Issue 108 / Fall 2010
TRANSFORMATION Jennifer Anne Moses Blood into Butterflies James Doyle Making History Leslie Haynsworth The Other Girls J. Matthew Boyleston Viewed from the Keel of a Canoe Sarah Gordon A Call to Prophecy Blanche Farley Melanoma Ted Sanders Assembly Fred Yannantuono Aardvark Tasha Cotter Funny, Father Was Graceful Ian Miller Living Light Georges-Oliver Chateaureynaud The Bronze Schoolboy Paul Freidinger The Artist Concentrates the Details of Nothingness Rion Amilcar Scott Party Animal: The Strange and Savage Case of a Once Erudite and Eloquent Young Man Patty Hanahoe-Dosch Fleeing Back Stephen Massimilla Annunciation, Tortuguero (Costa Rica) Grace Frisone Road Home, A Memoir James Valvis Transformation
STORIES Gary Gildner If I Could Be With You Robert Schirmer The Woman Across the Table Mark Crimmins Slimmer Kim Hedden The Green Dress Daniel Meltzer Heads You Lose Janset Berkok Shami Tangled Dreams R. M. Kinder A Fragile Life Alice Denham La Casa de Serena Dennis McFadden Chickens’ Revenge
POEMS Jim Daniels The Police Academy Recruits Run Laps Around the Slo-Pitch Softball Fields Teaching the Spider to Fly Robert Parham A Colleague Returns from a Long Stay in Japan Annie Boutelle Caravaggio Views Giorgione’s Laura [take one] Brian C. Billings Guilt Is for the Man Who Kills a Peacock Chuck Tripi Poem at Sixty-One Kathleen Kirk Sonatina for Harmonica and Train Pretending to Be Bad Stephanie Mendel The Town of Lionel Steve Myers The Jews of South Africa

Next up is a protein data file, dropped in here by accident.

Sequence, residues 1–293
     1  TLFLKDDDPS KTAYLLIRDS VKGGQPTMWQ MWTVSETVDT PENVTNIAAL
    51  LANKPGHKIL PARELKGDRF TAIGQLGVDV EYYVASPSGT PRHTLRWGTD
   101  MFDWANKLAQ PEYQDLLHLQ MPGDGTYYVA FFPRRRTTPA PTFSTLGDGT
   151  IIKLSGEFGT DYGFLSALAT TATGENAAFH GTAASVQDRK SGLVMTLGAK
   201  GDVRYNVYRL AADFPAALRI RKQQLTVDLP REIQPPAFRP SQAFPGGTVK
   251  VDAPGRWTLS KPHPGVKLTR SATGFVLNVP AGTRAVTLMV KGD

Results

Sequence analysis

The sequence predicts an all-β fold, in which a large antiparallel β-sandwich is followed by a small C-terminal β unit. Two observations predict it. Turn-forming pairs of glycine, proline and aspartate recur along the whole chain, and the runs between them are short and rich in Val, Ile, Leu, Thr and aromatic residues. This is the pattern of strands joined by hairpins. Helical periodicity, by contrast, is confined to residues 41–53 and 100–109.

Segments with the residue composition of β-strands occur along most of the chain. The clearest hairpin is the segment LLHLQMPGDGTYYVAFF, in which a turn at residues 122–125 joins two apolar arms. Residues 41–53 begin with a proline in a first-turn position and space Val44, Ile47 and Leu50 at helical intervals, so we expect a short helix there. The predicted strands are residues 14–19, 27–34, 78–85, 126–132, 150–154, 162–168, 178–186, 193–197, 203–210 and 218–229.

ESSAYS AND MEMOIRS E. S. Fletcher The Universe of Eye Lia Mastropolo Locating the Fault Line
From the editor’s desk
One might say that the special theme of this issue of Confrontation is over-determined.
Whether we are aware of it or not, we live in a timeof transformation, as distinct from simple, more or less incremental change, a staple of most historical periods and thus much more palatable to human taste. I am thinking, first and foremost, of global climate change—dismissed by many in the United States, intellectually acknowledged by many Europeans, and off the radar screen in still other nations. We have been warned about and are beginning to see its fearful, projected consequences: crop failures, inundation of island nations and low-lying coastal cities world-wide (where hu- man beings for thousands of years have chosen to build settlements), spreading deserts in Africa and China, migrating populations of disease-spreading insects, migrating populations of desperate, poverty- stricken people to richer nations, and the wholesale destruction of species further down on the food chain.
This, it seems to me, is the greatest challenge our species has ever faced—if indeed we come to face it…